By Victoria Merritt, lawyer. Employment law enthusiasts in Canada had one more thing to be thankful for this weekend: the unanimous decision released by the Supreme Court of Canada (the “SCC”) on October 9, 2020, Matthews v. Ocean Nutrition Canada Ltd., 2020 SCC 26. The issue before the SCC related to the damages an employee […]
Tag Archives | damages
Should the courts treat mental and physical injuries differently when it comes to assessing damages? Find out in our latest case law update, a review of the recent Supreme Court of Canada decision in Saadati v. Moorehead, here.
By Richard Johnson. On June 2, 2017, the Supreme Court of Canada rendered its unanimous ruling in Saadati v. Moorhead, which drastically altered the manner in which Canadian courts assess damages for mental injuries suffered by a plaintiff. Background – History of the Case The context of the case was a car accident in New […]
By Richard Johnson. In Canada, most non-unionized employees have one primary means of recourse (absent a human rights claim) for challenging a dismissal: litigation through our civil court system. For non-unionized employees working in a federally governed industry such as air transportation or banking or for a First Nation, however, there are two primary options: […]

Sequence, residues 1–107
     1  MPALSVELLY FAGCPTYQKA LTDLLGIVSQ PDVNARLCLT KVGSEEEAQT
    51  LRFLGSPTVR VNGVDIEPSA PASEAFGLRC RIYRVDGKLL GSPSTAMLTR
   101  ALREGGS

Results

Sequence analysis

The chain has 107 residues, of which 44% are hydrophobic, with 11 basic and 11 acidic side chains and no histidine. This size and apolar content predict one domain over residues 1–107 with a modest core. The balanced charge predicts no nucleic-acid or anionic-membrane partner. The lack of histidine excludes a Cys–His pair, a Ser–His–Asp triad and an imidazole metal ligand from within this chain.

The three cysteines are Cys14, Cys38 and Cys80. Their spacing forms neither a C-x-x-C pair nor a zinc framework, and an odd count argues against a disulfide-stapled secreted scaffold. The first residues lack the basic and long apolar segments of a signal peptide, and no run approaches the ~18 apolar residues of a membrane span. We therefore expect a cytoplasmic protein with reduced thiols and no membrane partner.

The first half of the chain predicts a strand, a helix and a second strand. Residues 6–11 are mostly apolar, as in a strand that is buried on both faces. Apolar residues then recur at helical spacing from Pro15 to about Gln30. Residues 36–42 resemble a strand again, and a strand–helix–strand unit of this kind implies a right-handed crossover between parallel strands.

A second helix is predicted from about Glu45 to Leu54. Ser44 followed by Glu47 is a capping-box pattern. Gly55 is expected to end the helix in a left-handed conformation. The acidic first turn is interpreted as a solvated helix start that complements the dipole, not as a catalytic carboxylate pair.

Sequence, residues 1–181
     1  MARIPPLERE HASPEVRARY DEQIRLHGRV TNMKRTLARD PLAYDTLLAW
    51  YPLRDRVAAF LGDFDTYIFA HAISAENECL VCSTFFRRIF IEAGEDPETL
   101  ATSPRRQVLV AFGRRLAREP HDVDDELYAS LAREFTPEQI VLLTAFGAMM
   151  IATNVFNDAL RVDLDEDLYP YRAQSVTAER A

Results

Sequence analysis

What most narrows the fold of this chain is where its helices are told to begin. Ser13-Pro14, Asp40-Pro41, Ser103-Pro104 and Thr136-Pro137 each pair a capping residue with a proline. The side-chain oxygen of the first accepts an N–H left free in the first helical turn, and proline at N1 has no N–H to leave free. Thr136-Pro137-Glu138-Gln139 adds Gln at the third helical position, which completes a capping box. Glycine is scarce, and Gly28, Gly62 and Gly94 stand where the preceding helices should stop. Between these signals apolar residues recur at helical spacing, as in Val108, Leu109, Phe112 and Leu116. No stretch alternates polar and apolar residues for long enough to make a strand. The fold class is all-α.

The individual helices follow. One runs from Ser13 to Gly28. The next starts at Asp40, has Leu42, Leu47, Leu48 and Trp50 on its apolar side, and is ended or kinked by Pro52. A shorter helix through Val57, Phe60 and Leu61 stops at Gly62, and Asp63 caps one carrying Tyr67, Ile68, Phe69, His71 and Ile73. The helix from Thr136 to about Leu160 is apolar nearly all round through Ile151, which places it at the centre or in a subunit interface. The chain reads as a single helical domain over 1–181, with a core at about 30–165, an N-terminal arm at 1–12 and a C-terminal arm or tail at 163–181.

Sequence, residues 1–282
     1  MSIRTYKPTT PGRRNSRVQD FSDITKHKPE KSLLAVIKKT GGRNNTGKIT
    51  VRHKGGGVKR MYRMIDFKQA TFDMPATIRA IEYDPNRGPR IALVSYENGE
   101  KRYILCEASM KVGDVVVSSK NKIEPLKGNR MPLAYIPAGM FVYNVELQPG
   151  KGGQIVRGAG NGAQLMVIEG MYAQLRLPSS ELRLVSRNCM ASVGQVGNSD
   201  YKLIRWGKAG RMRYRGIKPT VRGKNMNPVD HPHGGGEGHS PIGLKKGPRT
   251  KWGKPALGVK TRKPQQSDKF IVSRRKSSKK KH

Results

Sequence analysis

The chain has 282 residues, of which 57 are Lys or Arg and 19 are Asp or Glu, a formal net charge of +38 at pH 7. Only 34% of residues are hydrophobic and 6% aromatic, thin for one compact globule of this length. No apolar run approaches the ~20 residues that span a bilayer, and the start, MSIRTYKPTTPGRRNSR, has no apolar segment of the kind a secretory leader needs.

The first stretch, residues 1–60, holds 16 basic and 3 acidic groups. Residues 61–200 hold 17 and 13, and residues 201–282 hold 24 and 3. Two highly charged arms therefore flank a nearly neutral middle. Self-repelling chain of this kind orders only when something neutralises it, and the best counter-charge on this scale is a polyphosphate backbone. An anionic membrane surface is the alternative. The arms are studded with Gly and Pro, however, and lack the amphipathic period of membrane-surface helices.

Following our client’s success in her wrongful dismissal trial, we brought a successful court application on her behalf for additional legal costs against her ex-employer. Since our client had made the employer a formal offer to settle early in the proceedings and the court awarded her more at trial than the amount she had previously […]
By Andres Barker, Lawyer. Many employees who leave a job voluntarily refer to handing in their “two weeks’ notice” that they are quitting. But is this practice actually required by law? It’s a question we often hear from resigning employees. Unlike the notice of termination requirements imposed on employers by employment standards legislation, there is […]
Our 66 year old client sued the City of Terrace for damages arising from what he claimed was his forced resignation as the City’s chief administrative officer. The City argued that Mr. Ramsay resigned voluntarily and that he was entitled to two weeks’ pay in lieu of notice in accordance with his resignation agreement, and […]